How to navigate

Categories

How to navigate || Part 1: Navigator’s Toolkit + Navigation Mastery

By Andrew Skurka / August 22, 2019 / 19 Comments

Navigation is one of the most important backpacking skills, and certainly the most liberating. It allows you to drive your own adventure, rather than being a passenger. As a new backpacker with only rudimentary know-how, I was confined to backcountry thruways like the Appalachian Trail and high-use areas like Rocky Mountain National Park, where I…

How to navigate || Part 2: Maps & resources

By Andrew Skurka / August 23, 2019 / 58 Comments

For my earliest hikes, I utilized whatever resources were conveniently available and that seemed sufficient. Before thru-hiking the Appalachian Trail in 2002, for example, I purchased the ATC Data Book and downloaded the ALDHA Thru-Hikers Companion. And to explore Colorado’s Front Range the following summer, I bought a few National Geographic Trails Illustrated maps that…

How to navigate || Part 3: Watch, compass, altimeter & GPS device

By Andrew Skurka / August 28, 2019 / 23 Comments

Using just a topographic map, I can competently navigate in areas like the High Sierra and Colorado Rockies, which generally have distinct landforms and open views. Even so, for added accuracy and unusual circumstances, I also carry select navigational tools, personally a GPS watch, magnetic compass, and smartphone with GPS app. These instruments become more…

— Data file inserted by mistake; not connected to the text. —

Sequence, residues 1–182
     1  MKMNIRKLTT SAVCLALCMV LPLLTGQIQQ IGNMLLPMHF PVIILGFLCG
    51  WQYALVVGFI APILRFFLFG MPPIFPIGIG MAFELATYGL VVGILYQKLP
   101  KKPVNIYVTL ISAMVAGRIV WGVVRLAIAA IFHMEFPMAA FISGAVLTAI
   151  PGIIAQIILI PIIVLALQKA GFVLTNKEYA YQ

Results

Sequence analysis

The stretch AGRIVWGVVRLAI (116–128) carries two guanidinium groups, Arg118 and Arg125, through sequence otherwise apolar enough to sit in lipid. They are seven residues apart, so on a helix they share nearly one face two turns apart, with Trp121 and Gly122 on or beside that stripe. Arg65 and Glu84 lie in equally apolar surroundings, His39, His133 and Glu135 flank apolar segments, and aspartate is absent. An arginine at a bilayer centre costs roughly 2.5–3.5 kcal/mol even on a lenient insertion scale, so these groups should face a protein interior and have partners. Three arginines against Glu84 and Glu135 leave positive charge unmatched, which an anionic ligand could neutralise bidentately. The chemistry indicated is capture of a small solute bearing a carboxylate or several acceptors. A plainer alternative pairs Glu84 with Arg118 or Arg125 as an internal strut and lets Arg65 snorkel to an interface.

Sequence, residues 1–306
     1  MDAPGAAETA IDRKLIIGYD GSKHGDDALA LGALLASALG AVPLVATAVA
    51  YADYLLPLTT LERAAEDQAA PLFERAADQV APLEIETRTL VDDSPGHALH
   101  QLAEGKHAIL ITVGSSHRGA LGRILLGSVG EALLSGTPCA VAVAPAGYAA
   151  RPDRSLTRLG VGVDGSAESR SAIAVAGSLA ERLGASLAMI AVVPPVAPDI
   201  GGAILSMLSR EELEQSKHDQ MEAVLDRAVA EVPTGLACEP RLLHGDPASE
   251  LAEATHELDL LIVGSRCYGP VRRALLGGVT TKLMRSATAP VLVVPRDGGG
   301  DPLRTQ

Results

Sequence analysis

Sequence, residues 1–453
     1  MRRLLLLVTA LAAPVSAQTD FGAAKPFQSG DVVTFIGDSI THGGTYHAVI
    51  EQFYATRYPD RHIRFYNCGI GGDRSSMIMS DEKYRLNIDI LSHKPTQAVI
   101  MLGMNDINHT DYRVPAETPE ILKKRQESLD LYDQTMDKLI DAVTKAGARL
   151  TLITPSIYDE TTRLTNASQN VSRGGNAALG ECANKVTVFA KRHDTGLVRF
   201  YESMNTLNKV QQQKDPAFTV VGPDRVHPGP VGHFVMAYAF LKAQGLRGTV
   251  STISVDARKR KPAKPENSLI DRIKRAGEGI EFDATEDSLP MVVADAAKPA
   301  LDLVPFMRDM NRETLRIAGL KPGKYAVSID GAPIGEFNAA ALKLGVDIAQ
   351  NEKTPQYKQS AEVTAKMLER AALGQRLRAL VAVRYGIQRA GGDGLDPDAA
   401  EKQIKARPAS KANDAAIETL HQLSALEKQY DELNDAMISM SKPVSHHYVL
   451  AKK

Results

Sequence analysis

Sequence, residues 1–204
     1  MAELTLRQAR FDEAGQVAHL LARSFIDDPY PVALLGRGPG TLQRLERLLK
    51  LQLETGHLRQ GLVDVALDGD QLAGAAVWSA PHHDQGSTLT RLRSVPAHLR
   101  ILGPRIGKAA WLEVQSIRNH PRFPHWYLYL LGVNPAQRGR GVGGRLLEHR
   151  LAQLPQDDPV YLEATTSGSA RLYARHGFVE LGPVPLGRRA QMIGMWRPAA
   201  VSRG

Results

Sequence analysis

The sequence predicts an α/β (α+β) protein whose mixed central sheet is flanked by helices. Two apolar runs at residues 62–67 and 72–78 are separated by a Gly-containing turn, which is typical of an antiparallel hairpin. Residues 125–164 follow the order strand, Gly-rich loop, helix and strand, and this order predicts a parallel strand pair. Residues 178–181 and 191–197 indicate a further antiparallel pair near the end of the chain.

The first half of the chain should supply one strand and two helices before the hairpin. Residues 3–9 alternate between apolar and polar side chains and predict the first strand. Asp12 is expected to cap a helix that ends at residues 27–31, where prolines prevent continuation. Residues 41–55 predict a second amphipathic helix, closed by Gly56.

How to navigate || Part 4: Navigator’s Mindset & “staying found”

By Andrew Skurka / August 30, 2019 / 6 Comments

With just a credit card and reliable internet connection, an aspiring navigator can acquire the proper maps, resources, and equipment. The final two steps to navigational proficiency require more intention, self-study, perhaps an evening or weekend course, and most importantly field practice. In other words, the process is more time-intensive, but also more fun. These…

How to navigate || Part 5: Skills + knowledge checklist

By Andrew Skurka / September 1, 2019 / 3 Comments

Within a few days of starting my Appalachian Trail thru-hike in 2002, I learned dead-reckon navigation using my watch and the datasheet. With surprising accuracy, I could now monitor my hiking pace, pinpoint my location between known landmarks, and predict my arrival time at upcoming points of interest like water sources and shelters. On an…